In a presentation at the 2023 Angiogenesis, Exudation, and Degeneration program, Usha Chakravarthy, PhD, FRCOphth, CBE, presented data from the trial of lampalizumab, which is peeling back some of the mystery shrouding geographic atrophy.
In a presentation at Bascom Palmer’s 2023 Angiogenesis, Exudation, and Degeneration conference in Miami, Usha Chakravarthy, PhD, FRCOphth, CBE, presented details unraveling some of the mystery surrounding geographic atrophy.
Exploratory data analysis from the trial of lampalizumab (Genentech/Roche) has shed new light on the behavior of geographic atrophy (GA), the advanced form of age-related macular degeneration (AMD), according to Chakravarthy, a professor of Ophthalmology and Vision Sciences at Queen’s University Belfast, and ophthalmology consultant, Belfast Health and Social Care Trust; both in Belfast, UK.
The take-home messages from the exploratory analysis are:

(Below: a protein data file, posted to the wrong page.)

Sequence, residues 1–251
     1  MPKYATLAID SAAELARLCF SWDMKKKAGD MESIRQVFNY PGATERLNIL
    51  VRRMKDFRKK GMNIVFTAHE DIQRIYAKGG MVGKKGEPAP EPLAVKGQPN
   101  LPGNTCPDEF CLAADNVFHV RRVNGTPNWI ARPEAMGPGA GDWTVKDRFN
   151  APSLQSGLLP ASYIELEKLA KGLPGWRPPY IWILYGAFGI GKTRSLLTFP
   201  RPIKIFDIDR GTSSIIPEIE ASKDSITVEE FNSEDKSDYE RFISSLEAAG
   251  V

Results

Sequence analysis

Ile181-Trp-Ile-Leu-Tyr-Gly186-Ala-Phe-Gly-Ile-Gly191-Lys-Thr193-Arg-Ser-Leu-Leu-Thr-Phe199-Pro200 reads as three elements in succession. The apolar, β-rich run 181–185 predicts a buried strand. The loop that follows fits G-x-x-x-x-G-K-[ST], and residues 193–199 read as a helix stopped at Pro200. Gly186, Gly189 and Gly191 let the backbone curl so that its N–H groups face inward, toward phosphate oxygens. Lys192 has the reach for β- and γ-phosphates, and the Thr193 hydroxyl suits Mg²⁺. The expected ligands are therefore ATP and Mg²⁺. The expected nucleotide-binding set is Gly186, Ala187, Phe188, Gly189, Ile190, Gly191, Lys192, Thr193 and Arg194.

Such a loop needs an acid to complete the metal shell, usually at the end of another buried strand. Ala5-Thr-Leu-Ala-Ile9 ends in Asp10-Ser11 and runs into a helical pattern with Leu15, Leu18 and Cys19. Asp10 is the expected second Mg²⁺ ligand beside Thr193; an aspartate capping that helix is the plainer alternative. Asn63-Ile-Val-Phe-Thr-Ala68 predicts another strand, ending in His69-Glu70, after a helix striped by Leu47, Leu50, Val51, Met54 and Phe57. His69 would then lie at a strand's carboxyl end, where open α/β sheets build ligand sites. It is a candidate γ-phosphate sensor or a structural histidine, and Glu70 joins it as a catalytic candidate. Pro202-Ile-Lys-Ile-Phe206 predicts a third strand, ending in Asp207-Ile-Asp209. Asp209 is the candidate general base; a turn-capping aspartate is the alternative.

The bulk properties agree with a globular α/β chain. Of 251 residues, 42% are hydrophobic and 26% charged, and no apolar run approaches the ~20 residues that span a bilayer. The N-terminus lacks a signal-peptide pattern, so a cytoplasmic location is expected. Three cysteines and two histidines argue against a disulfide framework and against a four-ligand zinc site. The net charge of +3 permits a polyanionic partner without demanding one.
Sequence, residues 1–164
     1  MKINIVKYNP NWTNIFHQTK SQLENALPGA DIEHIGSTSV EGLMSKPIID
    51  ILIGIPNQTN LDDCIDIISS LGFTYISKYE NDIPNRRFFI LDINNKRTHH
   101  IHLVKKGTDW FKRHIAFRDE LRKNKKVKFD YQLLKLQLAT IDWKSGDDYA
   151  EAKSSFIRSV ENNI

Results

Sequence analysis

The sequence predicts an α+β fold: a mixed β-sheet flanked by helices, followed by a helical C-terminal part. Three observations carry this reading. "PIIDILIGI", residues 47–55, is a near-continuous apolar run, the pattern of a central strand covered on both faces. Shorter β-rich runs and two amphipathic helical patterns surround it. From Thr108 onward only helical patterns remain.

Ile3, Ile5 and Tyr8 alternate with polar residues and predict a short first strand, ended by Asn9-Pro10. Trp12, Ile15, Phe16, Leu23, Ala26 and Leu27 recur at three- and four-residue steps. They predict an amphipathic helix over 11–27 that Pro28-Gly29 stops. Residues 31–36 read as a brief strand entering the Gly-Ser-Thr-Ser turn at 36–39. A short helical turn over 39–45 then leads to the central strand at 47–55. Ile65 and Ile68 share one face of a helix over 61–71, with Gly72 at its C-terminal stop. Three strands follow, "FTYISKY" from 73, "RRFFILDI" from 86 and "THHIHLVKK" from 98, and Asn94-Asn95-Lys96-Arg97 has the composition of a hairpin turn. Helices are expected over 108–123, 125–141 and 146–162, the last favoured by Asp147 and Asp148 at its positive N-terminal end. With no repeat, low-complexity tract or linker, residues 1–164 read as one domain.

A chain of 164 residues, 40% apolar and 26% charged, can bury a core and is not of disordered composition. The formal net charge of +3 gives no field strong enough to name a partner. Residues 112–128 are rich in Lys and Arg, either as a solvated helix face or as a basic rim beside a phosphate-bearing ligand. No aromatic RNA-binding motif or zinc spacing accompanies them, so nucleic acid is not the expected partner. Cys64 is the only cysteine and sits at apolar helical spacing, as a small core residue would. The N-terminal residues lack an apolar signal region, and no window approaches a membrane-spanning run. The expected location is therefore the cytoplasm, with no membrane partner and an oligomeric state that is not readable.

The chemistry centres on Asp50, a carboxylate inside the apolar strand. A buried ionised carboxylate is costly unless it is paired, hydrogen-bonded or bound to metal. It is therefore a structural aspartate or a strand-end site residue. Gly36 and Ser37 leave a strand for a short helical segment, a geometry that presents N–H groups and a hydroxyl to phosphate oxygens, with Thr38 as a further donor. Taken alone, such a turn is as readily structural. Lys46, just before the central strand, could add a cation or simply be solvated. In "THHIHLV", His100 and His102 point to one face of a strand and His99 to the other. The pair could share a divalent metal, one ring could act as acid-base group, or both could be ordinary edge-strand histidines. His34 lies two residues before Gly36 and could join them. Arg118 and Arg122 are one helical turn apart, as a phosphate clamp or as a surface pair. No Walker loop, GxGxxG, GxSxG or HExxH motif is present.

Chakravarthy explained that seemingly contradictory results have been found previously regarding GA, in that, interventional trials have reported reduced GA growth but without corresponding reduction in the fall effect in BCVA.
GA is highly pleomorphic, and its expansion rate varies and is affected by morphologic factors
Chakravarthy and her colleagues set out to explore the lampalizumab data to determine how baseline clinical factors and GA expansion rates affect the rate of loss of the BCVA.
The clinical trials included patients who were at least 50 years old, with a BCVA of 49 letters or better, and well-demarcated areas of GA secondary to AMD with no active/previous choroidal neovascularization (CNV).
The lesion sizes of the GA in the study eyes were between 2.54 mm2 (1 disc area) and 17.78 mm2 or smaller (7 disc areas). The study eyes also had banded or diffused autofluorescence patterns next to the GA area and sufficiently clear ocular media. The fellow eyes also had GA secondary to AMD with no active or previous CNV, she explained.
The primary observations of the analysis were as follows:
Chakravarthy concluded that the baseline GA lesion area does not impact the rate of BCVA loss whereas GA lesion growth rate does. The lesion location and focality have specific effects on the rate of BCVA loss.
Finally, contrary to popular clinical opinion, subfoveal lesions remain at very high risk of vision loss over time, especially when lesions are unifocal.